Atomic Insights - Exaggerated myths about nuclear accidents CAUSE negative health effects.
A video was produced by the World Nuclear Association (WNA). It shows that the predicted health consequences of nuclear accidents are often orders of magnitude greater than the actual, measured health consequences of the accidents that have occurred. Instead of the “worst case scenarios” of hundreds of thousands to millions of people getting sick and dying, Chernobyl produced a few dozen casualties, a few thousand illnesses, and few, if any, additional long-term radiation related illnesses.
Fukushima will result in no casualties and no long term radiation related illnesses, because the key mistakes that were made in the initial response to the accident at Chernobyl were not repeated. Worker doses at Fukushima were controlled so that no one was exposed to dangerous radiation doses. The public was sufficiently informed about radiation releases so that no one drank milk that was contaminated by I-131.
Unfortunately, the most important lesson from 25 years worth of intense international study of the Chernobyl accident has not been learned. That accident had very real social, economic and health consequences. Those completely avoidable consequences were due to the way that governments, the antinuclear movement, and the media chose to react.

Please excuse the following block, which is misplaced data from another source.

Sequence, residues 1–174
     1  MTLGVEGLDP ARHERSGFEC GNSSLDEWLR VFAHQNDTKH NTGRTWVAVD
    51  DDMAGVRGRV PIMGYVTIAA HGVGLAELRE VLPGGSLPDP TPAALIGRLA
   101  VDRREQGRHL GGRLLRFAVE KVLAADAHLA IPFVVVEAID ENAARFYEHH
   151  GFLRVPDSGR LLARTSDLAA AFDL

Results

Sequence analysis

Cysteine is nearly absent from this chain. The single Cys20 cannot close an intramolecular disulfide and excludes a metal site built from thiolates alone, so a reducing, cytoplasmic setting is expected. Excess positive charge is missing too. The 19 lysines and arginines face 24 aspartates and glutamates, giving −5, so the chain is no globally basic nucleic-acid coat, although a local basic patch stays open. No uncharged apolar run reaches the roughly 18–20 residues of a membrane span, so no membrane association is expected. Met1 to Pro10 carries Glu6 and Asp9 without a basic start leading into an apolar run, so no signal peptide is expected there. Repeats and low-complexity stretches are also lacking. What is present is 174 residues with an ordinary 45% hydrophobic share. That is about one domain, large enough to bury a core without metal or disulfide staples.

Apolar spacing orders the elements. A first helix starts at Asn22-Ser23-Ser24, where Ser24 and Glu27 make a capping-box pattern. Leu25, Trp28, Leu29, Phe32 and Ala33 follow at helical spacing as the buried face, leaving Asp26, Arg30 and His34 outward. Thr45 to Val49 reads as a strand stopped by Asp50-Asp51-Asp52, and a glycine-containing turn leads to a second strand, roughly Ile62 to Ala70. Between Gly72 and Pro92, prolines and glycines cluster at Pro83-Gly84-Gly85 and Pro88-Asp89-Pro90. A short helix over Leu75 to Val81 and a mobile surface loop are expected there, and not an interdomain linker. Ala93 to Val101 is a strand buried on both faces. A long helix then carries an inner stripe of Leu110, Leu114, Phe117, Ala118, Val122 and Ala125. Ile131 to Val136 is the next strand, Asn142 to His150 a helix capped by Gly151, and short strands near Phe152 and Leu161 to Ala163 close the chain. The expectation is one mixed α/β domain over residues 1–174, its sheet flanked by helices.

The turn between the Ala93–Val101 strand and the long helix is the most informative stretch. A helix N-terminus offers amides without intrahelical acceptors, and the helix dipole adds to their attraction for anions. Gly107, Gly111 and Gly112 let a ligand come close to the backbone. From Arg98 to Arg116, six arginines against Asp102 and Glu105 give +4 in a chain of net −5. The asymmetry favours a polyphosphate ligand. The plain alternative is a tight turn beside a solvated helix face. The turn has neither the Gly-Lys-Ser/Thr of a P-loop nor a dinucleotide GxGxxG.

Government edicts led to permanent relocation and the associated stress and economic disruption. The antinuclear movement created tales of hundreds of thousands of deaths and promoted those stories relentlessly (and continues to do so). Sensational media reports of catastrophic predictions were never followed with calm, reasoned reporting of the actual results.
As a result of those actions, people have continued to live in fear of a boogyman that has never arrived. People who have been repeatedly told that they are condemned to an early death often make choices like smoking, excessive drinking and reckless behavior that allow the predictions of illness and early death to become self-fulfilling.
NEI Nuclear Notes debunked the tuna radiation scare. - The report by the National Academy of Sciences did not conclude that there was any food safety or public health concern related to radiation from tuna of any kind. The trace amount of radiation found in the tuna is less than radiation that is found naturally in the Pacific Ocean from Potassium 40.
According to Dr. Robert Emery of the University of Texas Health Science Center, a person would have to eat 2.5 to 4 tons of Blue Fin in a year to ingest enough cesium to cause a health problem.
Nextbigfuture - Japan appears to be about 3 to 4 weeks away from having the Oi nuclear reactors started. Prime Minister Yoshihiko Noda will give a formal order to restart two nuclear reactors at the Oi plant in western Japan next week. It would then take two or three weeks to get each one up and running. Japanese Prime Minister Yoshihiko Noda told reporters that it was necessary to restart idled nuclear reactors whose safety has been confirmed, adding the central government was winning understanding from local authorities.
Nextbigfuture - China has approved a new nuclear safety plan and appears they will have a new 70GW target for 2020 and they should approve the restarting of new reactor approvals and construction.
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